2.        (a) That there has inordinate and inexcusable delay on the part of the Plaintiff or his lawyers; and

           (b) that such delay will give rise to a substantial risk that it is not possible to have a fair trial of the issues in the action or is such as likely to cause or do have caused serious prejudice to the defendants either as between themselves and the Plaintiff or between them and a third party. "

Counsel Maliwa also submitted that the Plaintiffs' rights to an effective legal remedy and justice have been compromised for all these years. It was thus argued that it would be unfair to prolong this period further.

Irregular Stay Order

Counsel Maliwa submitted that it is settled law that an application for stay must first be made in the court that granted the order before it is lodged in the higher court. He further stated that the higher court will only entertain an application for stay of execution if and only if the applicant has shown that the court below refused the same.

Counsel Maliwa referred the Court to Practice Note 59/13/9 in the Rules of the Supreme Court which states as follows:

"The application must be made in the first instance to the lower court below (see r14(4); but if it refused, the application to the court of the appeal is not an appeal; thejurisdiction is concurrent. The application should, ifpossible, be made to the court below at the time it gives judgment, but, if not, it can be made subsequently on notice. If it is refused, application can be made to the court of appeal within reasonable time. "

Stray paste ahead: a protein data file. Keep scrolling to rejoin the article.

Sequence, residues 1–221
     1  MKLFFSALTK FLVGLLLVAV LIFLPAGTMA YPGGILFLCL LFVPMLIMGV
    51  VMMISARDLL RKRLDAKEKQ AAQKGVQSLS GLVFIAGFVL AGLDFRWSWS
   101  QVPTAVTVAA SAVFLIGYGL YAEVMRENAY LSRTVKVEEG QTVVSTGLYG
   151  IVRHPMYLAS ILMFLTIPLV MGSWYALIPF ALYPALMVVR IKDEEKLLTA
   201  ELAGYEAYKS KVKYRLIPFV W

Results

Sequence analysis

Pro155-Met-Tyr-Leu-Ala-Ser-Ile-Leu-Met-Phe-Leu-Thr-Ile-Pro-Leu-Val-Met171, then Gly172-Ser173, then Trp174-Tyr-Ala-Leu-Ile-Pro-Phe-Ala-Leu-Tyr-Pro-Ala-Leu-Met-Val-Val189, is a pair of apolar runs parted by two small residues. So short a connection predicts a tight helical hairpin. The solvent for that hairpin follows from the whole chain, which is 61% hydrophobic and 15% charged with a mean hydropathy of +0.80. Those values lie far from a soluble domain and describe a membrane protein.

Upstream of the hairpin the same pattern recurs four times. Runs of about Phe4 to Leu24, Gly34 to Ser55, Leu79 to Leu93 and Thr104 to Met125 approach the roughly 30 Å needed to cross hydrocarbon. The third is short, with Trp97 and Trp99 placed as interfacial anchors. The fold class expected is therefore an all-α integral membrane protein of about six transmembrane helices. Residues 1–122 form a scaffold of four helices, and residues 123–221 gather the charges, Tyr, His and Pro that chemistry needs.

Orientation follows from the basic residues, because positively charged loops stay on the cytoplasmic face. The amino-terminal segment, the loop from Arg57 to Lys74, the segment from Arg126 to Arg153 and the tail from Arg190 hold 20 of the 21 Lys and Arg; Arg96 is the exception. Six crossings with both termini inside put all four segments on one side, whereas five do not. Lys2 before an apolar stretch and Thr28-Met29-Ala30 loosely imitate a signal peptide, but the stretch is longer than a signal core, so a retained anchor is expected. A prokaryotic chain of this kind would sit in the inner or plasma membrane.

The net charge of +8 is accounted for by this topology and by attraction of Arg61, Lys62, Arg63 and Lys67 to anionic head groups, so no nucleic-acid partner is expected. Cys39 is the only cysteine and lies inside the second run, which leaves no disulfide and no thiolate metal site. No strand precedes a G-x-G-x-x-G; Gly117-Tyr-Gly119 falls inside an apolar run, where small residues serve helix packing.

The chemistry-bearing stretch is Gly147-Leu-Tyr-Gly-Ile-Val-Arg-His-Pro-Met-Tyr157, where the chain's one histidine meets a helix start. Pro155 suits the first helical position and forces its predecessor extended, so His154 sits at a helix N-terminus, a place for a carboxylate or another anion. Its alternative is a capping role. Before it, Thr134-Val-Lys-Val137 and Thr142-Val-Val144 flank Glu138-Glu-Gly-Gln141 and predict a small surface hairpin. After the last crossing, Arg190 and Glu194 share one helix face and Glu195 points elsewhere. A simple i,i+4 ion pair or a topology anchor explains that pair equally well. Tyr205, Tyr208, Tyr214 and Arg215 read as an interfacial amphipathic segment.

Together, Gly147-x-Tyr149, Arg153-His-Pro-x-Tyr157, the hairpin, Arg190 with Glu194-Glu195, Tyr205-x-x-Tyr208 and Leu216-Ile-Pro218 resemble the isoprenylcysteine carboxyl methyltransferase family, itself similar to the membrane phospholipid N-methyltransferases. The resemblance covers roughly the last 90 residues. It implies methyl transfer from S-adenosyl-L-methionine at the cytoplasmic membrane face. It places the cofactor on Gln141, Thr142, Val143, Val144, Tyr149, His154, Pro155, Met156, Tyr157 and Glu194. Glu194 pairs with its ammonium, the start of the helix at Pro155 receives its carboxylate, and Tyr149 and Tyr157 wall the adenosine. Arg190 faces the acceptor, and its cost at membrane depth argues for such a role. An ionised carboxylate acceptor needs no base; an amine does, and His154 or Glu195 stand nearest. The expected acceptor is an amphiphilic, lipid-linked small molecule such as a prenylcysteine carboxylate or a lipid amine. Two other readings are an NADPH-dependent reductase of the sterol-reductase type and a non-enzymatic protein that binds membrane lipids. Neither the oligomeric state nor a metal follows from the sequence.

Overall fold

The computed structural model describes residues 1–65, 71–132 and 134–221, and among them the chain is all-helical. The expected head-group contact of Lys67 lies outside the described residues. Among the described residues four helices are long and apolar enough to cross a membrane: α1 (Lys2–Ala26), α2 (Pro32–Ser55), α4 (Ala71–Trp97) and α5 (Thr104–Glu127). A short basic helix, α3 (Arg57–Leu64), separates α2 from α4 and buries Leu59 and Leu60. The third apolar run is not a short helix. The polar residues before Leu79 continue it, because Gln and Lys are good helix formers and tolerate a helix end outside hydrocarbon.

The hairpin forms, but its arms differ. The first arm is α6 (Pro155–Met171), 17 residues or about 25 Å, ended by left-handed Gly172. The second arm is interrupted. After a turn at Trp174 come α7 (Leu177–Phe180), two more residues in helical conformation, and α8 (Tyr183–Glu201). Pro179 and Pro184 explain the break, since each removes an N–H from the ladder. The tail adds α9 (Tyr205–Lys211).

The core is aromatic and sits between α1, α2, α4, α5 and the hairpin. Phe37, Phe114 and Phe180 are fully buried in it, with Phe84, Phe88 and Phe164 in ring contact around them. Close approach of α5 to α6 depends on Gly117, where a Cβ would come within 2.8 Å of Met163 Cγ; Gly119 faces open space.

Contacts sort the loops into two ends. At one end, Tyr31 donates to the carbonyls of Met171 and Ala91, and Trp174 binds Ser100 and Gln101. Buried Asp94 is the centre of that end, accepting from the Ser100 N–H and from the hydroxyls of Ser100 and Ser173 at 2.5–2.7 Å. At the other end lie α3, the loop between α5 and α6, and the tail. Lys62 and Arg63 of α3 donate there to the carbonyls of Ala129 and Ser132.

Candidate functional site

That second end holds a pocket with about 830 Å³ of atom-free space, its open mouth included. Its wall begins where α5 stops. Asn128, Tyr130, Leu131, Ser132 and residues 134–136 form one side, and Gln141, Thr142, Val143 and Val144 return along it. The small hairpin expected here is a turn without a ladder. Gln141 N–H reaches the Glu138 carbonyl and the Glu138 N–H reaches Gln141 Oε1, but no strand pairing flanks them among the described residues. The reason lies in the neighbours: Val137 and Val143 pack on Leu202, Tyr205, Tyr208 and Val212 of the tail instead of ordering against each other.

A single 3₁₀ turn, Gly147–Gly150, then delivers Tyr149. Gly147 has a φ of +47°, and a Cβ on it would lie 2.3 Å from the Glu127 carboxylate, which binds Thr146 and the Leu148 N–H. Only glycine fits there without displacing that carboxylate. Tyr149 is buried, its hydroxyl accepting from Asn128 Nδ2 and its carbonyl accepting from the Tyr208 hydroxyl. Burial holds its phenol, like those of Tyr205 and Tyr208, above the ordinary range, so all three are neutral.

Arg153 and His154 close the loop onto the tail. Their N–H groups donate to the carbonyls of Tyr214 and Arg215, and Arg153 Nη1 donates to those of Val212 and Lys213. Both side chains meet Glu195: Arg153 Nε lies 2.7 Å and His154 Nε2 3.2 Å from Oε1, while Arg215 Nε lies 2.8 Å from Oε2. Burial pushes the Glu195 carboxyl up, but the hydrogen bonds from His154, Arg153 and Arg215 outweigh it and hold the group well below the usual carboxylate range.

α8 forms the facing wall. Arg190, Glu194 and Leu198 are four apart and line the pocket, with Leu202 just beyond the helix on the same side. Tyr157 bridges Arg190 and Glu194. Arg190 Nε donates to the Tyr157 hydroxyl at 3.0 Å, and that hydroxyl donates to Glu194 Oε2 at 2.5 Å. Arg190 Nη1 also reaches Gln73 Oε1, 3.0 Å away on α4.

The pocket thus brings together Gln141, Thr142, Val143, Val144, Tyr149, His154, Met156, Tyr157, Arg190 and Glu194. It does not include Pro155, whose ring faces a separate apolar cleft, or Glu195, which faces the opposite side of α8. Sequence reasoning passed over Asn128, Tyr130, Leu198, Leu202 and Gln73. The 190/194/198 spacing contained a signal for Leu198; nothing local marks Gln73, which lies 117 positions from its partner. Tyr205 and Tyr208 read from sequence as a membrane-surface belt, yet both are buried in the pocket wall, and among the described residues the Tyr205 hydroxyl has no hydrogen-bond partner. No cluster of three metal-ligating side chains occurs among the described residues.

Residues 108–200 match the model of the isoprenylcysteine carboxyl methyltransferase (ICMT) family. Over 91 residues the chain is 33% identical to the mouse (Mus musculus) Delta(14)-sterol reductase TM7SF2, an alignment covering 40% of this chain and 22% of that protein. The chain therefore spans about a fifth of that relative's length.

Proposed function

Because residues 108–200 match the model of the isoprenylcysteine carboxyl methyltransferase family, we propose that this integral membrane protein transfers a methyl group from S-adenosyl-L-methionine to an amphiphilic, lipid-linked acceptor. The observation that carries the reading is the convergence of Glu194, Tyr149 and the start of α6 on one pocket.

Counsel Maliwa also cited the cases of The Anti- Corruption Bureau v. Amos Chinkhadze & Joe Kantema, MSCA Criminal Appeal No. 1 of 2003 and Frankline Chirwa & Jones Chirwa t/a Global Tradelines v. Manica Malawi, MSCA Civil Appeal No. 58 of 2008 in support of his proposition that an application must be made in the first instance in the court below which made the order.

In applying the law to the present case, Counsel Maliwa submitted that:

"3.36 In the matter at hand the decision being complained against was made by the Registrar, it follows therefore from the above exposition, that any application for stay of execution was supposed to first be made to the Registrar and where the same was denied to a Judge.

3.3 7 Contrary to the provision of law, the Third party directly proceeded to the Judge without approaching the Registrar first. This being the case, the Judge that heard and granted the order lacked jurisdiction so to do as his jurisdiction was subject to the Registrar's refusal to grant the application. "

Counsel Maliwa concluded on this point by stating that as the court that granted the stay order lacked jurisdiction, the stay order is null and void, that is, there is effectively no stay order at law.

Abuse of Court Process.

Counsel Maliwa submitted that the law proscribes against abusing the machinery of the court process:

"3.47 The court delivered its judgment years back but the Third Party's irregular stay order and Notice of Appeal have prevented the Plaintiffs from enjoying fruits of their litigation for over six years.

3.48 By using the court to administer injustice, the Third Party is in the abuse of court process. "

Submissions by the Third Party